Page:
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Sophia explaining the harp to Betty. Photo credit: Pictures by Ann via Foter.com / CC BY

It is likely that the soothing and rhythmic sounds of the harp have been employed to nurture, calm, and support people in distress for many thousands of years without being called Harp Therapy, as it is today.   “The word “therapy” comes from the Greek “therapeia” meaning “a service, an attendance” which, in turn, is related to the Greek verb “therapeuo” meaning “I wait upon.” Therapy was (and is) a service done to the sick” [1]

It is well known scientifically that music has an effect upon the body.  The vibrations are felt physically, and can incite or relax,  as well as cause emotional responses such as happiness or sorrow.  The field of vibroacoustics focuses on this relationship between sound frequencies and anatomy as an aspect of healing work.

While many types of music and musical instruments can be valuable in a therapeutic environment, the harp, in particular, is the instrument of choice for many music therapists and exclusively for those who practice two particular healing modalities: harp therapy and music thanatology.  So what are these two emerging healing fields that make use of the unique features of the harp?

Harp Therapy[]

“Harp therapy may be provided at home or in a clinical setting. The setting largely dictates what size harp can be used, however a variety of sizes of harps may be used to provide therapeutic harp music. When therapeutic harp music is played, recipients may receive beneficial effects such as increased relaxation, improvement in sleep, decreased pain and anxiety, stabilization of vital signs, and improvement in mood. An end-of-life music vigil can also help a patient to achieve a peaceful transition.

Some harpists, trained in other therapeutic disciplines such as psychology, music therapy and occupational therapy, use the harp in their practices to elicit specific cognitive or behavioral changes. In addition, a harpist might teach an individual to play the harp to assist in pain reduction, to help to overcome physical, mental and emotional challenges, to create a sense of community in a group setting, and to provide physical rehabilitation.

Typically, a therapeutic harpist receives training from a therapeutic musician training program. The graduate is then awarded a certification credential that is unique to his/her program. Standards of practice for Therapeutic Musicians have been established by the National Standards Board for Therapeutic Musicians (NSBTM)”[2].

Harp therapy, while it is sometimes employed at the bedside of those who are approaching the end of their lives, is typically aimed at the broader spectrum of patient support. Music thanatology, on the other hand, is specific to end-of-life support.

Music Thanatology[]

“Music-thanatology is a professional field within the broader sub-specialty of palliative care. It is a musical/clinical modality that unites music and medicine in end of life care. The music-thanatologist utilizes harp and voice at the bedside to lovingly serve the physical, emotional and spiritual needs of the dying and their loved ones with prescriptive music.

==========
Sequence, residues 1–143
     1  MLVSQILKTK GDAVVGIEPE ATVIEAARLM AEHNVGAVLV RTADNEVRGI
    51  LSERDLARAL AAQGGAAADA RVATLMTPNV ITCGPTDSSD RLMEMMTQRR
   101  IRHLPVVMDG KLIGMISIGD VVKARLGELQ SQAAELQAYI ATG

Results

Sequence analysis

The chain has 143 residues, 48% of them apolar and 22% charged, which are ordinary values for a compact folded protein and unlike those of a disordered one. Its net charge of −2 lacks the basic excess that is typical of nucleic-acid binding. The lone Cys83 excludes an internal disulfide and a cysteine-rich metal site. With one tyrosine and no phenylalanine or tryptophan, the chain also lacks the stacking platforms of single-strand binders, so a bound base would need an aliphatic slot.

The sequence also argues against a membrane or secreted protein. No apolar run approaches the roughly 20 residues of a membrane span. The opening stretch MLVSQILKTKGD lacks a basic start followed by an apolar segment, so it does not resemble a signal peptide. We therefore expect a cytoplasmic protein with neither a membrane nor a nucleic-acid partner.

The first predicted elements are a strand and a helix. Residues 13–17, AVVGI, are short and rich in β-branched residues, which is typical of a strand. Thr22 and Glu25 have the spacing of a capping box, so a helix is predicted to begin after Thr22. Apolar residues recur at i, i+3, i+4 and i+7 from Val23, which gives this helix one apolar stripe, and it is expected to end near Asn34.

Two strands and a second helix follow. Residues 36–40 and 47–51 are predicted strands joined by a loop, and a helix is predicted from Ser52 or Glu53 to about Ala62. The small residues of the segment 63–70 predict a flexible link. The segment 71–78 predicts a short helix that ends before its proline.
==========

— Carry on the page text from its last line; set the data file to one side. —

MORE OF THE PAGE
Prescriptive music is live music that responds to the physiological needs of the patient moment by moment. For example, by observing vital signs such as heart rate, respiration and temperature, the music-thanatologist provides music that is tailored to each specific situation. The warmth of this living music can bring solace, dignity and grace to those nearing the ultimate journey at the end of life.

This music can help to ease physical symptoms such as pain, restlessness, agitation, sleeplessness and labored breathing. It offers an atmosphere of serenity and comfort that can be profoundly soothing for those present. Difficult emotions such as anger, fear, sadness and grief can be relieved as listeners rest into a musical presence of beauty, intimacy and compassion.

Music-thanatology is not intended to entertain or distract the patient. Instead, this music allows the patient to enter into the unbinding process of letting go in his or her own very personal way. It affords families a chance to be with their loved one in a very intimate yet safe atmosphere where words are not necessary and the words that are said can come from a deep place, aided by the music”[3]

Music thanatologists usually go through a rigorous several-year training program combining on-site mentorship with trained practitioners in a hospital setting with intensive curriculum ranging from anatomy and physiology to voice and harp lessons before becoming certified by the Music Thanatology Association International.

Further Reading[]

Certification and Standards


Training and Instruction


Note about this article. Some of this content has been copy-pasted from Peggy Coates' website dorveille.com The website has disappeared, but the content remains on the internet archives. Attempts have been made to get in touch with the original author, but have been unfruitful. Should Peggy come across this content, please get in touch with @harpwiki!

  1. Medicine.net. Definition of Therapy. Retrieved from http://www.medterms.com/script/main/art.asp?articlekey=10897
  2. Harp Therapy (n.d.) Retrieved from http://www.harptherapy.com/
  3. MTAI (n.d.) What is Music Thanatology? Retrieved from http://www.mtai.org/index.php/what_is